Though it may not be the answer to the current recession, the increased spending could provide a needed boost to local economies, especially in the suffering high-tech sector.

"There are probably only a half-dozen states that are going to benefit from this," said Stephen S. Fuller, an expert on government procurement at George Mason University in Virginia. "I think California will do quite well."

San Diego companies already have landed lucrative contracts for protecting the mail from anthrax and developing other technology to combat bioterrorism. Congress also is poised to step up acquisition of two unmanned surveillance aircraft produced in the area, the Predator and Global Hawk, that have
been used in Afghanistan.

"Most of our companies that have relevant technologies already deal with the government and the Department of Defense," said Rep. Duncan Hunter, R-El Cajon, who chairs the House Armed
Services subcommittee on research and development.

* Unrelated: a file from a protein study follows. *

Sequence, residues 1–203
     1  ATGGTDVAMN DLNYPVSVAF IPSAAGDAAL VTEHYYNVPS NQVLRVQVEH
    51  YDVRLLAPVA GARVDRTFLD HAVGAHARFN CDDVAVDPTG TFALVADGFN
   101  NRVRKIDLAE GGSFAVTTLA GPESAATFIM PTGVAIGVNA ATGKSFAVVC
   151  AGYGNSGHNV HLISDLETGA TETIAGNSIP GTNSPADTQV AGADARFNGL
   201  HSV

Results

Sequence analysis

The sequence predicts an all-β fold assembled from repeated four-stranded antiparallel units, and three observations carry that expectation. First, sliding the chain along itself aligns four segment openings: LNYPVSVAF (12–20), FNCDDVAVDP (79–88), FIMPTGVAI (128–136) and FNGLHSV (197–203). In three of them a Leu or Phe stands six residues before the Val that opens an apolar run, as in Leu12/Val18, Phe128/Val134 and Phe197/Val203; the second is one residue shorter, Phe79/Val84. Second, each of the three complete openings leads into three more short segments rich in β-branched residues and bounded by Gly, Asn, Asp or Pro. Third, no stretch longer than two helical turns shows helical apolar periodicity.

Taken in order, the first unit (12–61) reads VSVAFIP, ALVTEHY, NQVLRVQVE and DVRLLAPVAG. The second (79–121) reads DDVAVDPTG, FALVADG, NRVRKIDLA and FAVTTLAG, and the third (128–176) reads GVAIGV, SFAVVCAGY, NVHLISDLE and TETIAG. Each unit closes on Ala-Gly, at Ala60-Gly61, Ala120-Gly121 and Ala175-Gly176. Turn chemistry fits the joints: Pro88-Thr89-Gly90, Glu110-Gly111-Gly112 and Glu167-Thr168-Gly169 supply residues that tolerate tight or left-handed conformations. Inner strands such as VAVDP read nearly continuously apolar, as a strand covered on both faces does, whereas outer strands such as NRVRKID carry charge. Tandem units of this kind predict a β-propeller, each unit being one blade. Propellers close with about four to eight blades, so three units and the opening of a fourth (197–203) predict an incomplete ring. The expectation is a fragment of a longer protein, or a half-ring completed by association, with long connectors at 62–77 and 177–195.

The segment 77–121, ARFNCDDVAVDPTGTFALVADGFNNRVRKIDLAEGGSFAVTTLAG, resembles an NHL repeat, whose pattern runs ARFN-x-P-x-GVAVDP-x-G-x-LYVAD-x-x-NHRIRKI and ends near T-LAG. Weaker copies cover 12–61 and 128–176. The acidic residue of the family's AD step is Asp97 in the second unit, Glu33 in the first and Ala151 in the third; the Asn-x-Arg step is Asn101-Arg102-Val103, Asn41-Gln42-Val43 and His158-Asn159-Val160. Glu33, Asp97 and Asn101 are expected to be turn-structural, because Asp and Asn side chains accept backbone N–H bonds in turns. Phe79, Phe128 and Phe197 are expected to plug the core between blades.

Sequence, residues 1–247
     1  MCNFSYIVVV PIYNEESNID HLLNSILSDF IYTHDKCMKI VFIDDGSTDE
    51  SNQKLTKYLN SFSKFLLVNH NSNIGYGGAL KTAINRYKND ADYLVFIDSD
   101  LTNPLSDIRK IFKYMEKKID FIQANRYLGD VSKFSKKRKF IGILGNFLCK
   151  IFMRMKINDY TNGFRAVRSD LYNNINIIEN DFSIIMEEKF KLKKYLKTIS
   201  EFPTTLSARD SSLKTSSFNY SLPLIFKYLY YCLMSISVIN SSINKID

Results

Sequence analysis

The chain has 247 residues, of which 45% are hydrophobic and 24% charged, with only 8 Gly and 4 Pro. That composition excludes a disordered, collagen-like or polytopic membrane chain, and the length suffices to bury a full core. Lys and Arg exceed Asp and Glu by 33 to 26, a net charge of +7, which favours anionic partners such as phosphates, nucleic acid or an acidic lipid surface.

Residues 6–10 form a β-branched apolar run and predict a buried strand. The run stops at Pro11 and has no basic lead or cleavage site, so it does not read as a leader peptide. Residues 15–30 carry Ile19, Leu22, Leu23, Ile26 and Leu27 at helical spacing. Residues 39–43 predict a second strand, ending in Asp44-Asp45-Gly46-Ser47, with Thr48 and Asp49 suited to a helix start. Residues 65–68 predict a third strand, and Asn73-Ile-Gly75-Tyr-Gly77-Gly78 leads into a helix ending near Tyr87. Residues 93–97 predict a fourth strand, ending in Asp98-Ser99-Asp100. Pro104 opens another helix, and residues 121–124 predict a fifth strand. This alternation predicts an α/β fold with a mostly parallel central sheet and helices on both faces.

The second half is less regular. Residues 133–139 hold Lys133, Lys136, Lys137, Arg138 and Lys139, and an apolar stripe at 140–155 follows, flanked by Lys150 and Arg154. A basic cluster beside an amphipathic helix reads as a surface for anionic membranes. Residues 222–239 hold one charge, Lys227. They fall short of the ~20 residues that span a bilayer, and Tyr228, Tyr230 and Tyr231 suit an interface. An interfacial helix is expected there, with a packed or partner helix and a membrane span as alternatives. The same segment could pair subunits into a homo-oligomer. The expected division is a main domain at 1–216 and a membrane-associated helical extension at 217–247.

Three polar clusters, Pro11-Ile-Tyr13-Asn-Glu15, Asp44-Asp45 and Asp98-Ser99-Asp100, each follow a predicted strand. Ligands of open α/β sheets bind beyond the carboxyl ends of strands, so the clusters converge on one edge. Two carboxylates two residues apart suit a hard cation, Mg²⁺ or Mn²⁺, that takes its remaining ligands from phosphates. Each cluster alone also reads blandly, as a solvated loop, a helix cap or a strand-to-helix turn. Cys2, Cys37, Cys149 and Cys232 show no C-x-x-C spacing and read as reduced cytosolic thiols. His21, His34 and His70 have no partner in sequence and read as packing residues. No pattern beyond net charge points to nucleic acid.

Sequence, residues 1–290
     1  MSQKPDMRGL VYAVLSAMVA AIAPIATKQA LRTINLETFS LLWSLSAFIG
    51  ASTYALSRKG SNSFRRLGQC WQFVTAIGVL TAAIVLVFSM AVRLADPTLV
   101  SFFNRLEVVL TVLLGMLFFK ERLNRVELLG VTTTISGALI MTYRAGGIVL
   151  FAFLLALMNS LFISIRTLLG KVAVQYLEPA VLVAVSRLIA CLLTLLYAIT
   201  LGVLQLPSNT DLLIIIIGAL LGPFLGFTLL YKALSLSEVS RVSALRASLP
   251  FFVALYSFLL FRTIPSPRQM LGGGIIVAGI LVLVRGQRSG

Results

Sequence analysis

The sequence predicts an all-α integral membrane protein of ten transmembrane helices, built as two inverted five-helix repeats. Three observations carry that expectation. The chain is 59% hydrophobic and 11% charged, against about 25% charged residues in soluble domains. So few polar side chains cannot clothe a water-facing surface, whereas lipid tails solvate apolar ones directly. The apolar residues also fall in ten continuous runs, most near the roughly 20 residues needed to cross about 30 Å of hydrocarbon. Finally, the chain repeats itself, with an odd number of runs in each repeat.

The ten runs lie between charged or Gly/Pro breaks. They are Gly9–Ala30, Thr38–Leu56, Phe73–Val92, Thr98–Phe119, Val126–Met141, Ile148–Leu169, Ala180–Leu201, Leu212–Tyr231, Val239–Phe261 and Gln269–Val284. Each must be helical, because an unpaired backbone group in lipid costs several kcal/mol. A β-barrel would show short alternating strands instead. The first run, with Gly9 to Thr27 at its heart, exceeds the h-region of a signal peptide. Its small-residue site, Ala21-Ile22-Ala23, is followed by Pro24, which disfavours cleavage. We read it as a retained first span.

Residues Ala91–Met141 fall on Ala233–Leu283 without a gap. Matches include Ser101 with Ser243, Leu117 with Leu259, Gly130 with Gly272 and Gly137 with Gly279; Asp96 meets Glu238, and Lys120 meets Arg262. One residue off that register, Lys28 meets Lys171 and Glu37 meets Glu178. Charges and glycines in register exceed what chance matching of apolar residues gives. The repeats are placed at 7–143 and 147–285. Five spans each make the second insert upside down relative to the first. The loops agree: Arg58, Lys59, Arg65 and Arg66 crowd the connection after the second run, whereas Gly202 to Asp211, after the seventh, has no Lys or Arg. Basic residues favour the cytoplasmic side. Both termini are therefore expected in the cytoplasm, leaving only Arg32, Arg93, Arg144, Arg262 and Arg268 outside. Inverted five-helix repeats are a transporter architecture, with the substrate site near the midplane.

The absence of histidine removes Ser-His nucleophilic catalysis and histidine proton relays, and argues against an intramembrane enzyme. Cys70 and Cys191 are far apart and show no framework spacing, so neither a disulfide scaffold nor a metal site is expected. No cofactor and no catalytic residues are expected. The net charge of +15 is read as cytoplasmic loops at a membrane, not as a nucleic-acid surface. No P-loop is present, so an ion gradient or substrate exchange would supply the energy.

Many smaller companies also "are coming to Washington with ideas," Hunter said.

Congress has appropriated $40 billion for the response to Sept. 11 and is debating whether to spend more. While spending on traditional defense systems will eat up much of that, the Defense Department and other agencies also are looking for the latest gizmos.

Michael Wynne, a top Pentagon procurement official, told business executives recently that the armed forces are "increasingly reliant on the capabilities of the business community . . . to provide the technology innovations necessary to meet and defeat the terrorist threat our nation now faces."

A 24-page request for proposals issued in late October by the Pentagon seeks an array of sophisticated equipment for locating terrorist targets, supporting "protracted operations in remote areas," and detecting and defusing chemical, biological and nuclear weapons.

Specific requests include "through-wall imagining" systems that can diagram rooms and detect people hiding in them, eavesdropping equipment able to identify obscure Arabic dialects and other languages, and databases that analyze individual and group behavior for clues to terrorist activity.